Connect
To Top

If You Want Your Kids to be Mentally Strong, Stop Saying These 5 Things to Them

Mental strength can get misinterpreted. Sometimes, your positive words about something they did or didn’t do can turn into a toxic message for your children.

Despite your good intentions, words can potentially harm your kids’ mental health in some way. Just like when a father says that he’s proud of his son for being so strong just because he didn’t cry when his grandmother died. Crying is not a sign of weakness. It would take more courage to break down and cry rather than keep it bottled up inside.

Being mentally strong means that you are aware of your emotions and know how to express them healthily—like crying when you feel down. Your words can make a huge impact on your kids. So if you’re not careful, you might say things that would eventually instill unhealthy habits. This could prevent them from developing mental strength, which they need to reach their full potential.

If you’re guilty of saying these five statements to you’re child, then you might need to make simple shifts to your parenting habits.

Mentally strong kids are aware of their emotions and know how to express it healthily.

“Stop crying”

Again, there’s nothing wrong with crying. It’s a healthy way to show emotions. Most adults who find themselves apologizing when they start to tear up were most probably taught at a young age that crying is bad.

However, throwing tantrums is a different story. Parents should try to correct the inappropriate behavior by explaining to their kids that disturbing other people is not okay. Remember to adjust the action, not the emotion.

“Calm down”

When parents tell their kids to calm down, it’s mostly out of their frustration because they want them to stop. Most of the time, it’s not creating a sense of peace.

This may be annoying for most parents, but think of it as your child’s way of telling you that they’re upset. Instead of telling them to calm down, teach them what they can do to get a grip on things. You want them to know what to do whenever you’re not present.

“It’s no big deal”

If your child is worried about an upcoming recital or concerned about a friend who they think is upset with them, don’t discredit their concerns by saying that it’s not a big deal. It’s a big deal for them.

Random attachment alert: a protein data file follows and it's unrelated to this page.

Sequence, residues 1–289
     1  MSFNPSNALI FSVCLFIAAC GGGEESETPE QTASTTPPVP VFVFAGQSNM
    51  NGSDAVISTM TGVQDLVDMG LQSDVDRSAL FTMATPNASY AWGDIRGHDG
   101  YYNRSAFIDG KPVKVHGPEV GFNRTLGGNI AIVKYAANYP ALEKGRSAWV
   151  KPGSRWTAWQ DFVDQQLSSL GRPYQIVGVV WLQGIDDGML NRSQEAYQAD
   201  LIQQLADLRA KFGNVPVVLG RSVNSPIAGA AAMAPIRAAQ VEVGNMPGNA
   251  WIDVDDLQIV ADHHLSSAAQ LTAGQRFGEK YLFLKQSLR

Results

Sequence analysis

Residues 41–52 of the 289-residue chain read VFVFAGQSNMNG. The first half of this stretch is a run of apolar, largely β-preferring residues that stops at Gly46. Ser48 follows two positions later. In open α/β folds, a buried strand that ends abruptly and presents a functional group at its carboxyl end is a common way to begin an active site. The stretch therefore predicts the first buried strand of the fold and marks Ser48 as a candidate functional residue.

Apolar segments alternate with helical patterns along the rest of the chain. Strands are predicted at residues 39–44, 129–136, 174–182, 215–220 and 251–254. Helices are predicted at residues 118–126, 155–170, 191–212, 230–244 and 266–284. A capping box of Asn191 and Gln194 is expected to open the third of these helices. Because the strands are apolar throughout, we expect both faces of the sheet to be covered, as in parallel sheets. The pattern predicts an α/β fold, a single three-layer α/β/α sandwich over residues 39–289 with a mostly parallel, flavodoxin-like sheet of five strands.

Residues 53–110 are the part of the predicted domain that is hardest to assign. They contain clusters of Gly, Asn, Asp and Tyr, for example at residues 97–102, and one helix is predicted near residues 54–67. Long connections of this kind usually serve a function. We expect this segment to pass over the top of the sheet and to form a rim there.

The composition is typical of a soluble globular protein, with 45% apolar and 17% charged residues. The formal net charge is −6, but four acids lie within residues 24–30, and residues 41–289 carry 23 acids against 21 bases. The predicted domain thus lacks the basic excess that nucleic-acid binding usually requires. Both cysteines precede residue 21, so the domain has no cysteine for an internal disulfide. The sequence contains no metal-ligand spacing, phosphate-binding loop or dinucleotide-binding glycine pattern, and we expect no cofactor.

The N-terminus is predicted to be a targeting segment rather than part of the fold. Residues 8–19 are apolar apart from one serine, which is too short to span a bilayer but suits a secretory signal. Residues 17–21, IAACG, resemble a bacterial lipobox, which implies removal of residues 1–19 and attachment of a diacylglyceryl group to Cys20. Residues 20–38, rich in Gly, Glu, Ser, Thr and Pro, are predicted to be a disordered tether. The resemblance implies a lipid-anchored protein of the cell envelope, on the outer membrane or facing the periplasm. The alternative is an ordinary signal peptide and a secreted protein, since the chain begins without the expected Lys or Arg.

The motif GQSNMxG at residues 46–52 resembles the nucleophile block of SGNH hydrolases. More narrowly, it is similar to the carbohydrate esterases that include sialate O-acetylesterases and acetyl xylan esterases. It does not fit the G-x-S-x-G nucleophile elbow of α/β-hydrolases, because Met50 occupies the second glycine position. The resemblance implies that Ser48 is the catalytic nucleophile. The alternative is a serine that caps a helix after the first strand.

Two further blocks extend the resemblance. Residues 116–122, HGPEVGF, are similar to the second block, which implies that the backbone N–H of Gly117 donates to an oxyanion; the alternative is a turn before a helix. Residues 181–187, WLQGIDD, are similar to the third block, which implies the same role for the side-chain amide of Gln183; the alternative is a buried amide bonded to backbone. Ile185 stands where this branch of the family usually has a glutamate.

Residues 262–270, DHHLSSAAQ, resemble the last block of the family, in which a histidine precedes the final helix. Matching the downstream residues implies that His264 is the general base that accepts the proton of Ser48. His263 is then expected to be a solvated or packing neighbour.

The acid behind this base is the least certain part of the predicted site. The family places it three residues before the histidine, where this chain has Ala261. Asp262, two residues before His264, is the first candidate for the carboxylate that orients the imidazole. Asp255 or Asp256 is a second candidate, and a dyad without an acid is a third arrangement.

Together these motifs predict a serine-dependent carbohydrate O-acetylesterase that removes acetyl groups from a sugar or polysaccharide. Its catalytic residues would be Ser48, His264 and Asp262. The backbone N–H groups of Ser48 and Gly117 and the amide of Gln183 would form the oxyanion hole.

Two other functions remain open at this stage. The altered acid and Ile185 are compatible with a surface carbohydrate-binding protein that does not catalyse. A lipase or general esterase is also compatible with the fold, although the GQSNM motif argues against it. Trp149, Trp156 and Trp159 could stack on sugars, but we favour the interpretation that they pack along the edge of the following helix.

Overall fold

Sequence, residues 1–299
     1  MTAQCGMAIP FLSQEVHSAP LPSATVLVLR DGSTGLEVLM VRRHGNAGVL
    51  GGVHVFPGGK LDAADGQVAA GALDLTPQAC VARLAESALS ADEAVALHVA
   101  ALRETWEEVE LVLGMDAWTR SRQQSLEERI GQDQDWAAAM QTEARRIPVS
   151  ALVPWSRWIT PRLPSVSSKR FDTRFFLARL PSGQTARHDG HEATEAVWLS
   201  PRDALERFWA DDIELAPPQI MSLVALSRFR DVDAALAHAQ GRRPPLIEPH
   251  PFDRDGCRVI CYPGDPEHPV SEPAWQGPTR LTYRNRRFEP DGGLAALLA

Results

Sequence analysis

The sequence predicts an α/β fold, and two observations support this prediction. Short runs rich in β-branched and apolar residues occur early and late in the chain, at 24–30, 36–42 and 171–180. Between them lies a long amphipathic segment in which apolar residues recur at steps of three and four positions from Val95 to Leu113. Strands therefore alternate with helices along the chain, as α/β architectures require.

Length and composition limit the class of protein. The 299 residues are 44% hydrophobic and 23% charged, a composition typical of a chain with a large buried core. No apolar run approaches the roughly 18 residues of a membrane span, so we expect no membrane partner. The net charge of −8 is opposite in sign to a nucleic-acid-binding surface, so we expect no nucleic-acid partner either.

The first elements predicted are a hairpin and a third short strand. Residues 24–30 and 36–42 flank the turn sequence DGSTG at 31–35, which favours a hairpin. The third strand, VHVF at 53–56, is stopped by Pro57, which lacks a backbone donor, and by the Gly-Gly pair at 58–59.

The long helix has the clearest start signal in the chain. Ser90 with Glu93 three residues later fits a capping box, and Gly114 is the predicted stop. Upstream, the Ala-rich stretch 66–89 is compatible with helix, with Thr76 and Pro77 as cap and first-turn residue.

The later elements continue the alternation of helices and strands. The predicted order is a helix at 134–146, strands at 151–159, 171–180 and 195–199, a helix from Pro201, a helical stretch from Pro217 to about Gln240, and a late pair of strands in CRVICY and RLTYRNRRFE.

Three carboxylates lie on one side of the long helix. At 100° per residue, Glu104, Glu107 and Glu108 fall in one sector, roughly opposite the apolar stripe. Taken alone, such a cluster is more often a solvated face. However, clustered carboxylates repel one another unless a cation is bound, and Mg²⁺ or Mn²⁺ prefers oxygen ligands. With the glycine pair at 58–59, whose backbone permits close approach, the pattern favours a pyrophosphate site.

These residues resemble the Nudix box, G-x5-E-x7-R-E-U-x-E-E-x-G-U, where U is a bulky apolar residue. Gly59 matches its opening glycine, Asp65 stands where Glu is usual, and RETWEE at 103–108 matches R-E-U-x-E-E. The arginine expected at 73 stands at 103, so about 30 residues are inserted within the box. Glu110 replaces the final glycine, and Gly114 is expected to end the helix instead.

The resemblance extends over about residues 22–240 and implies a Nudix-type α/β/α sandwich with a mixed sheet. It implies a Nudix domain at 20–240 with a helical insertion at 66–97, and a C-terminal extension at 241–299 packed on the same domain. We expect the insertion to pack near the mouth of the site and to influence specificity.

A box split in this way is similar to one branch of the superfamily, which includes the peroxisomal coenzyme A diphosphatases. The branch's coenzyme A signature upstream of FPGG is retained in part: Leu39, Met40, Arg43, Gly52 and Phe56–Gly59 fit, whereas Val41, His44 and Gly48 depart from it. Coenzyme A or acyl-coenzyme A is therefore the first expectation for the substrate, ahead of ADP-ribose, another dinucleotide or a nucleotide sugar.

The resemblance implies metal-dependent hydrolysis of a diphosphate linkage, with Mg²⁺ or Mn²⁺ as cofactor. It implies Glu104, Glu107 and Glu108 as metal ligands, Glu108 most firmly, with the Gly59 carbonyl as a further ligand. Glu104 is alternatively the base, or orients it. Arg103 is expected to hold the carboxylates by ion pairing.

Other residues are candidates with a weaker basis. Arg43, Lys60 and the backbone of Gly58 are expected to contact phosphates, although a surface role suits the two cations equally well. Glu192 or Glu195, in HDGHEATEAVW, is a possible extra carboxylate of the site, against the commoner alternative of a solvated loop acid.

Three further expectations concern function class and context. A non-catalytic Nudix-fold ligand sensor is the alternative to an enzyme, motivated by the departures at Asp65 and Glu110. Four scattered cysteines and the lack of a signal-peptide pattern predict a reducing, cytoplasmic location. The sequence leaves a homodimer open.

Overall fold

What they’re trying to tell you is that they want you to help them deal with these emotions. Instead of insisting that they should not be concerned, teach them skills to cope with the distress.

“Everything will work out fine”

As a parent, you would want to constantly reassure your kids that things are okay, and nothing bad will happen to them. However, it’s not all the time that everything is okay.

You have to accept the fact that you can’t protect your kids from all the hardships and tragedies. They have to face them on their own because that’s one way for them to learn. Just make sure that you teach them the necessary coping skills.

Teach your kids how to cope with distress and not just dismiss their emotions.

“You’re the smartest kid in the whole school”

Exaggerated praises can do more harm than good. You would want to keep your praises genuine. Focus more on the effort they did to achieve their accomplishment instead of the results. This way, they’ll know that you value their effort regardless of the outcome.

If you only praise your kids when they achieved something, they may feel like they have to win at all costs even if it means that they have to cheat or hurt other people. They may also think that they are only worthy of praise when they excel, so they won’t bother trying out something that they could potentially fail.

More in Mind & Mental

You must be logged in to post a comment Login